I do not doubt the abstract validity of this claim: but there appear to me to be the following grave objections against any attempt to enforce it, in the case of land that has once passed completely into private ownership,---even apart from the inevitable uncertainty of any practical conclusion that assumes the continuance of the existing tendencies to increase of population. In the first place, we have every reason to suppose that at least a great part of the future unearned increment of rent is already discounted in the present market-price of land: and it would be manifestly unjust to mulct the particular persons who keep their wealth in the form of land, by taking from them a portion of the market-value of their property. It could only be unearned additions to the existing market-value of the land that could fairly be taken by the state---or rather whatever part of such additions could be shown to be due to unforeseen increase of rental: and there would be much difficulty in separating this portion clearly from the earned increment. For In many cases the increased utility and value of the land would often be found to be only partly unearned, as it would be due to favourable circumstances well turned to account; and in such cases I do not know how we could pronounce what proportion of the increment was to be set down to circumstances and what to the insight and enterprise of the man who skilfully availed himself of them. And if a landowner were liable at any time to have to prove that the additional value of any part of his land was not ``unearned'', in order to prevent its being taken from him by an extra tax, the utilization of land by private enterprise would receive a severe check. Further, if the state confiscated unearned increment, justice would require it to give compensation for ``undeserved decrement'': and this, again, would involve an equal difficulty of valuation, and a dangerous withdrawal of the motive that a landowner whose land is declining in value now has to exert himself to discover some new means of turning it to account.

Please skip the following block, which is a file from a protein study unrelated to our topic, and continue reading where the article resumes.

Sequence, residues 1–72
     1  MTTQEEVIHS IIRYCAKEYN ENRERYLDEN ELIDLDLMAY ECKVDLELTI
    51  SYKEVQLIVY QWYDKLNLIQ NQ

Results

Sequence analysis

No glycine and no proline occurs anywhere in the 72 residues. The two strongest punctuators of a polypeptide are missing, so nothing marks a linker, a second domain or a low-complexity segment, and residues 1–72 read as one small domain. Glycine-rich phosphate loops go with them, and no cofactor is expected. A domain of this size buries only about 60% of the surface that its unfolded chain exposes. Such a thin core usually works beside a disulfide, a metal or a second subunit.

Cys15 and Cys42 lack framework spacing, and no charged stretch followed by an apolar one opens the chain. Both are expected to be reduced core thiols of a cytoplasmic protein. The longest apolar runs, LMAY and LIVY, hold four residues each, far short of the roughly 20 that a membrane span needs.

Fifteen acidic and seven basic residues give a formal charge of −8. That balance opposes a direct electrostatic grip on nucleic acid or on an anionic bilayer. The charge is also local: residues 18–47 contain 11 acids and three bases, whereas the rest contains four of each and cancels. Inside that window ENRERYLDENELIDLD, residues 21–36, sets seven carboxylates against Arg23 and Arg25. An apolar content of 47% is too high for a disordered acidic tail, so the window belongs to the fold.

The only practicable way, I think, of attaining the end in view would be for the state to assume the ultimate ownership of land generally, and reward the skill and enterprise of individuals in whose hands its value increases,---according to the method before proposed in the case of railways, &c.---by allowing them to reap the whole advantage of such increase for a certain limited period. Justice would of course require that adequate compensation should be given to existing owners; and it has been urged that the financial operation that would be required, in order to buy back nearly the whole land of a fully occupied country from its private owners, would be beyond the resources even of England; or at least that the community would lose by the increased rate of interest that would have to be paid more than it could possibly gain by unearned increment. But this difficulty may I conceive be avoided, as Cliffe Leslie suggested, by deferring the time at which the community would enter upon the ownership of the land. The question rather is whether the diminution in production to be expected from (1) the inertness and jobbery incident to public management, (2) the inevitable divergence of interests of owner and lessee respectively, and (3) the loss of the special satisfactions, and any special stimulus to labour and care, which individuals now derive from the sense of ownership, is not likely to outweigh any gain in equity of distribution; even allowing for any advantages that may be fairly hoped from governmental administration, in spite of its drawbacks---e.g. from greater economy in the collection of rents, especially of small farms, the more uniform application of principles accepted by experts, and the power of borrowing on better terms. I should not hesitate to answer this question affirmatively in reference to most existing communities at the present time: though it is quite possible that the management of governmental business may in the future be so much improved as to render it clearly expedient to ``nationalise the land''.